People are also asking the question because the sight of black athletes making this kind of stand is hardly ancient history. In 2012, Carmelo Anthony, the Miami Heat led by LeBron James, and many other athletes posed with hoodies for Trayvon Martin, when it looked like George Zimmerman would not even be arrested for stalking Martin and taking his life. Kobe Bryant even felt a rather thunderous backlash when he was dismissive of these kinds of actions. Hell, there were NBA players threatening to wildcat strike over Clippers owner Donald Sterling’s racist rants just a few months ago. People desperate to be inspired in very difficult times want to see more of this.
As Justice B. Hill wrote in a commentary on BET’s website,
[Black athletes] were quick to jump on Donald Sterling for his racism; they’ve been slow or silent altogether in standing up and speaking out about a killing that should never have happened… At some point—and this is that point—Black athletes like Doc Rivers, LeBron James, Magic Johnson, Michael Jordan, Charles Barkley and Torii Hunter must stand as a Black president did. They must insist that no more cop killings of unarmed Black men will be tolerated.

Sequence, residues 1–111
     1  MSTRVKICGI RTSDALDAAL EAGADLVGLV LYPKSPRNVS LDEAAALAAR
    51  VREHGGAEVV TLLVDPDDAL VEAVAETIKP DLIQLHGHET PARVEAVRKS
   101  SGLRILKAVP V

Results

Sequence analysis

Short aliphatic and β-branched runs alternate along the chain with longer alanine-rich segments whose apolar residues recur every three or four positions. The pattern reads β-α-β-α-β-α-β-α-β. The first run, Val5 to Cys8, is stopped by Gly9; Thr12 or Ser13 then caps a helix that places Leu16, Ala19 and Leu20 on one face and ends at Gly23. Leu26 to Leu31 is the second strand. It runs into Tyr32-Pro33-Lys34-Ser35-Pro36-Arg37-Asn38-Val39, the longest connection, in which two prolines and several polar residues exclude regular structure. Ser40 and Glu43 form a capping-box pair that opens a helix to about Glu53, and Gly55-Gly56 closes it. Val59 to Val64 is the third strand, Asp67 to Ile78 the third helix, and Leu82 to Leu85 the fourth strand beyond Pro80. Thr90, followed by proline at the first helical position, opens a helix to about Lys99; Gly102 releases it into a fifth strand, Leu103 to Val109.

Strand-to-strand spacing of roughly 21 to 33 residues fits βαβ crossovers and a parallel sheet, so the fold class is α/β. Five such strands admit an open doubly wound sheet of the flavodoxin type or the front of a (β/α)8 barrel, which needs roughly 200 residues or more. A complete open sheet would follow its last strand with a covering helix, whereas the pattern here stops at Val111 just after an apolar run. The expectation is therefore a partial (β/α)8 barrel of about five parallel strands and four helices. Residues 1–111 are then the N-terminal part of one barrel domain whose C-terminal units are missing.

Given especially the twenty-first-century narcotics of fame, iconography and killer visuals, imagine what would happen to Twitter and assorted social media if we had a 2014 version of this press conference. Maybe Richard Sherman, Russell Wilson, LeBron James, and Carmelo gathered together to say that the killing of two black men a week by police for the last six years has to stop.*
It is also understandable why many yearn for an athletic speakout on this, given the racial divide in the United States, with more white Americans believing in ghosts than in the realities of institutional racism. The thought is that black athletes with their white fan bases have an opportunity, not to mention an obligation, to reach white America in a way that is unparalleled in the culture.
Yet this is also—to put it bluntly—the wrong question for those who want to see racial justice. Unlike the case of George Zimmerman, which involved an extremely repellent individual vigilante who hunted down Trayvon Martin and was not going to be arrested, this is a case of a police officer doing the killing. This is the case of challenging a very entrenched set of racist law enforcement practices both in the St. Louis metro area and throughout the country. These practices have become militarized in recent years, creating a reality where many communities feel less like neighborhoods and more like occupied territory. (The fact that as many have pointed out, the same company supplied the tear-gas canisters used in Ferguson and in Gaza speaks volumes.) This is not going to be challenged by players posing on Instagram with their hands up. This isn’t the damn “ice bucket challenge.” To uproot these police practices will take the kinds of mobilizations we have yet to see from organizations with the funds, members and capacity to take on the ways in which black neighborhoods are policed.